R.I.P.D. Great for Nap Time

Chloe' Robbins-Anderson

There’s a new movie for the popular game “Six Degrees to Kevin Bacon,” and it has some really great actors for the game. At least, that’s the best part of “R.I.P.D.,” which was released to DVD last week.

The movie is about police detective Nick (Ryan Reynolds), who is killed by his partner, Bobby (Kevin Bacon) and given a chance to bypass judgment by working for the Rest in Peace Department. His partner is Roy (Jeff Bridges), who died in the 1800s Old West and is reluctant to welcome any partner. In order to not be recognized by people in their former lives, the two inhabit the bodies of a model (Marisa Miller) and an old Chinese man (James Hong). The two start finding connections that lead a big conspiracy to bring the dead back to Earth, and the mastermind behind it is, of course, Bobby. A big, crazy fight ensues, and good wins over evil.

The plot is entirely predictable. Audiences can leave the room to make popcorn and not be lost when they return. The film awkwardly straddles the line between comedy and thriller. This is unlike director Robert Schwentke’s previous film, “Red,” which was hugely successful in balancing these two aspects despite changing much of the source comic’s storyline.

The monster designs were fairly imaginative aside from the monsters that were simply larger, obscenely muscular versions of people. The monsters in the comic, however, are much more diverse and interesting, more like creatures than bigger humans, so it’s a mystery why Schwentke chose to ignore them. Audience members could have forgiven awkwardly moving CGI creature monsters more easily than these weird, misshapen humans.  Even Bobby’s version of a monster was CGI, by the way he was moving, but could have been achieved with simple makeup effects. Kids these days.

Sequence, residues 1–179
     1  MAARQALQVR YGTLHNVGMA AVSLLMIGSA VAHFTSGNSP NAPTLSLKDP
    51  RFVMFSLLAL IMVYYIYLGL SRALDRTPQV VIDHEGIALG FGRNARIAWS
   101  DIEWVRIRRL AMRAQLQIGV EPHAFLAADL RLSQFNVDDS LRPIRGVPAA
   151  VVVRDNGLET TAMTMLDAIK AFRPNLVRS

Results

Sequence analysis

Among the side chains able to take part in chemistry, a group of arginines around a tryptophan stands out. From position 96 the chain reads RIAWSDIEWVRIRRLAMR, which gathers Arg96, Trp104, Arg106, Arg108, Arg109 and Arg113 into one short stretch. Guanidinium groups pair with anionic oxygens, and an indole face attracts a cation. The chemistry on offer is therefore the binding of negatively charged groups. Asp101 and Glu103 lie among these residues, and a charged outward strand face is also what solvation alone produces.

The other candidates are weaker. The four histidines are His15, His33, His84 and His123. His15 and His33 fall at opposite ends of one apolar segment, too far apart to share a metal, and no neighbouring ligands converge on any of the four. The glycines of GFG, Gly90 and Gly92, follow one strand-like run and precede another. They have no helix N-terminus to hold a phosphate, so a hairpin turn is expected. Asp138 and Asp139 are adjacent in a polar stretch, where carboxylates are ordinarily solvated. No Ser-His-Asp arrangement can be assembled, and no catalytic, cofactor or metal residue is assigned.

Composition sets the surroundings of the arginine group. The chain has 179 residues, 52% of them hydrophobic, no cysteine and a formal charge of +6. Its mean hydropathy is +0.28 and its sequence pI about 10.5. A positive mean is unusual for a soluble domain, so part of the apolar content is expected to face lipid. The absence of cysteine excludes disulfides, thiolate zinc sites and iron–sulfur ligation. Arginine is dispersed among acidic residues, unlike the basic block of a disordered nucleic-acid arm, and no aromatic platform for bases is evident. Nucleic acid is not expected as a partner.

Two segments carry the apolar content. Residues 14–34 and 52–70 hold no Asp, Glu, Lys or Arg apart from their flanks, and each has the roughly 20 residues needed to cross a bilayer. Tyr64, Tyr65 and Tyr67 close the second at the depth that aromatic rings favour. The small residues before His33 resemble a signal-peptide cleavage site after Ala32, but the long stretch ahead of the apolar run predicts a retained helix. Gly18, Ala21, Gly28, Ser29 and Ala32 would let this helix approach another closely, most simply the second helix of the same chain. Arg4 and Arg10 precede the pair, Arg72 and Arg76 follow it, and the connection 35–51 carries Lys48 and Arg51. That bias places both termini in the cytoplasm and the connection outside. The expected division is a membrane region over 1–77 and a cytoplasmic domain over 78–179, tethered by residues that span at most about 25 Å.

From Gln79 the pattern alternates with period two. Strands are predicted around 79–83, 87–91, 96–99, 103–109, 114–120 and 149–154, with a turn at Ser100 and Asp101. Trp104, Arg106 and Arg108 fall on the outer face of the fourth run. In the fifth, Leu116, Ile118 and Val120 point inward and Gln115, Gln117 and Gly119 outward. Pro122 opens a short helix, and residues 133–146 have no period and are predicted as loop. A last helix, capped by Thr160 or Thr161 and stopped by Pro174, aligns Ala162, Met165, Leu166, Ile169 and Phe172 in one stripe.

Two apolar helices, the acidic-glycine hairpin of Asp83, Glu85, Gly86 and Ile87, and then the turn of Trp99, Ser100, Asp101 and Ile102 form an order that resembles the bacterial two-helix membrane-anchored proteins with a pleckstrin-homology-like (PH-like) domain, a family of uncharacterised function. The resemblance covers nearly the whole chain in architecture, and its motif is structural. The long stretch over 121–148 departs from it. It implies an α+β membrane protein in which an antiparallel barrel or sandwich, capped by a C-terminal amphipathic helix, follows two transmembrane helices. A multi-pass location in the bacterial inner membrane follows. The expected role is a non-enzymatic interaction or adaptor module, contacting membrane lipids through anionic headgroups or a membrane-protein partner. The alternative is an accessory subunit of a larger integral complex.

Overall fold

Bridges plays an Agent K to Reynolds’ Agent J. Both films have the new recruit who is discovering this whole new quirky world – the audience’s “in” to explain everything – and the cranky old veteran who only works alone, but gradually warms up and accepts the kid.

“R.I.P.D.” is missing all the heart that “Men in Black” possessed, however. It tried. It really did, but it just fell short because of its one-dimensional characters. Audiences can’t feel anything for these characters other than a passing concern during some fights.

That being said, Bridges easily brings the best acting to “R.I.P.D.” Maybe it’s the soft spot in people’s hearts for The Dude, or maybe it’s the mustache, but he is the most enjoyable person to watch throughout. It’s fun watching him try to embody the Wild West in the most stereotypical way possible. People can’t even be mad about the lack of depth because he’s simply fun.

This is Peter Lenkov’s first comic, but he’s been working in Hollywood for roughly 20 years as a producer and writer. He’s written some amazing things like “Demolition Man” and some even more amazing things like “Son in Law.” So he’s a bit hit-and-miss, but he knows how to get a cult following in a film. Only avid readers can tell what the movie would have been had Schwentke followed his vision precisely.